The long-range goal of this continuing project is to develop and apply the technology of functional magnetic resonance imaging (FMRI) to the study and characterization of neural mechanisms responsible for normal visual perception and attention. The project will concentrate on developing a set of neurophysiological principles that characterize the attention-related control of cortical visual processing in humans. (1,2) In a pair of initial experiments, two fMRI-based measures of cortical activity will be critically evaluated for their ability to accurately reflect the behavioral effects of attention. We will examine the ability of these measures to accurately depict the intensive and topographic properties of attention under three different types of attention-intensive tasks: absolute detection, increment detection and feature conjunction detection. We hypothesize that these measures will reflect the specific attentional demands of the tasks. (3) Next, these measures will be used to observe the """"""""top-down"""""""" effects of volitional control of attention, first in isolation, then in conjunction with the bottom-up influences of single and multiple objects in the field of view. A novel method for visualizing the """"""""attentional field"""""""" will be introduced. (4) In a fourth set of experiments, this approach will be used to test the hypothesis that attention topography can reflect both spatial and object-related characteristics of the visual display. The latter will be tested with occlusion, color, and stereoscopic cues for object segmentation to determine if the induced attentional topography is cue-invariant. (5) An experiment based on """"""""attentional crowding"""""""" will be used to identify the cortical site (or sites) of attentional selection. (6) In a final study, we examine the effects of attending to different spatial reference frames (retinal vs object-oriented) on cortical activity. We hypothesize that occipital visual areas will be unaffected by the subject's reference frame but that portions of parietal and/or frontal cortex will be affected. Together, the results of these studies will significantly advance our understanding of the neurophysiological basis of visuospatial attention and the mechanisms controlling the access of visual information to conscious awareness.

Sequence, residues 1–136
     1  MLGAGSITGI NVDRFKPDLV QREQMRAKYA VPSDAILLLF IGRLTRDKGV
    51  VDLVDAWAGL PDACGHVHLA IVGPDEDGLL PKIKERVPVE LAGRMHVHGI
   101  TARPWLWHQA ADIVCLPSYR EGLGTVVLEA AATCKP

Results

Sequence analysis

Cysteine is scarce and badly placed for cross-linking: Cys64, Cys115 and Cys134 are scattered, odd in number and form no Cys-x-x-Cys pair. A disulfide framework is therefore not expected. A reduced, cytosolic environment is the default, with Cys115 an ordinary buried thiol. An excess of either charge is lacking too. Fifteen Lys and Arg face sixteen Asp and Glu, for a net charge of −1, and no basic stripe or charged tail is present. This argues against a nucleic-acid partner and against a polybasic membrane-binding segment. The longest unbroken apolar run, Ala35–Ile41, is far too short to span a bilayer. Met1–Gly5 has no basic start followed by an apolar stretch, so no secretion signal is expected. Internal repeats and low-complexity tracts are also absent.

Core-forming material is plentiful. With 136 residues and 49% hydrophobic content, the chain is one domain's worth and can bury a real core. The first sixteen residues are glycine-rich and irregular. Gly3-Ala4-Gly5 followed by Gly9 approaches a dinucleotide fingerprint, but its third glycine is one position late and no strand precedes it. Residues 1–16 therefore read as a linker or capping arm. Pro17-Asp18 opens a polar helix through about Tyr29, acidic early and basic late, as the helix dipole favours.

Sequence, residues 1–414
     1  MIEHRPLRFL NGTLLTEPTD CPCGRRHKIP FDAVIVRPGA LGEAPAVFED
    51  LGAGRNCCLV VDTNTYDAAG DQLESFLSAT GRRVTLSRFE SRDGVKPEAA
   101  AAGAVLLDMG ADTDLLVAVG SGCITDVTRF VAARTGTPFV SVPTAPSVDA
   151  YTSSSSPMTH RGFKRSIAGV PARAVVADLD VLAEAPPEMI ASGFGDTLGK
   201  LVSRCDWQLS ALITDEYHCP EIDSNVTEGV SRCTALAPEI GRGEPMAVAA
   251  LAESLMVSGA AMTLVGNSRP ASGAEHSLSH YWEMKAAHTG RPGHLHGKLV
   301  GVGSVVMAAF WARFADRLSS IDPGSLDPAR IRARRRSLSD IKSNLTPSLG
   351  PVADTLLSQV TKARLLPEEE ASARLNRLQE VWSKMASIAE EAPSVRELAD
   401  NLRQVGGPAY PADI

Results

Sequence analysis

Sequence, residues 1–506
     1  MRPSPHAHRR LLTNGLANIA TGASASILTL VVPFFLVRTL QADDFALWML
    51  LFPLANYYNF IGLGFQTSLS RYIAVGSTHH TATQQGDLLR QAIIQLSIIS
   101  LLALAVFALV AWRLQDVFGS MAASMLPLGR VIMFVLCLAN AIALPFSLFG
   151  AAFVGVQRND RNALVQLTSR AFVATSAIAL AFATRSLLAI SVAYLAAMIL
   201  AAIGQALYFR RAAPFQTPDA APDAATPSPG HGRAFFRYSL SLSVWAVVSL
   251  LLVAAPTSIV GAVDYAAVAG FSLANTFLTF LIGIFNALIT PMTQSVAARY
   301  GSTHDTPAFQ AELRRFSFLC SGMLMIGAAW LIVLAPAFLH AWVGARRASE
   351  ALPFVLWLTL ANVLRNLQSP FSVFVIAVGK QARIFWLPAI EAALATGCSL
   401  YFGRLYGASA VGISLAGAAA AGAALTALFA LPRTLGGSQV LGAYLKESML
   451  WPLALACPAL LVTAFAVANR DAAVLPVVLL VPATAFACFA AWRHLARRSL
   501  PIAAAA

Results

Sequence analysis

National Institute of Health (NIH)
National Institute of Biomedical Imaging and Bioengineering (NIBIB)
Research Project (R01)
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Visual Sciences B Study Section (VISB)
Program Officer
Mclaughlin, Alan Charles
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Medical College of Wisconsin
Schools of Medicine
United States
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DeYoe, Edgar A; Ulmer, John L; Mueller, Wade M et al. (2015) Imaging of the Functional and Dysfunctional Visual System. Semin Ultrasound CT MR 36:234-48
Puckett, Alexander M; DeYoe, Edgar A (2015) The attentional field revealed by single-voxel modeling of fMRI time courses. J Neurosci 35:5030-42
Puckett, Alexander M; Mathis, Jedidiah R; DeYoe, Edgar A (2014) An investigation of positive and inverted hemodynamic response functions across multiple visual areas. Hum Brain Mapp 35:5550-64
Reitsma, Danielle C; Mathis, Jedidiah; Ulmer, John L et al. (2013) Atypical retinotopic organization of visual cortex in patients with central brain damage: congenital and adult onset. J Neurosci 33:13010-24
Brefczynski-Lewis, Julie A; Datta, Ritobrato; Lewis, James W et al. (2009) The topography of visuospatial attention as revealed by a novel visual field mapping technique. J Cogn Neurosci 21:1447-60
Datta, Ritobrato; DeYoe, Edgar A (2009) I know where you are secretly attending! The topography of human visual attention revealed with fMRI. Vision Res 49:1037-44
Huddleston, Wendy E; DeYoe, Edgar A (2008) The representation of spatial attention in human parietal cortex dynamically modulates with performance. Cereb Cortex 18:1272-80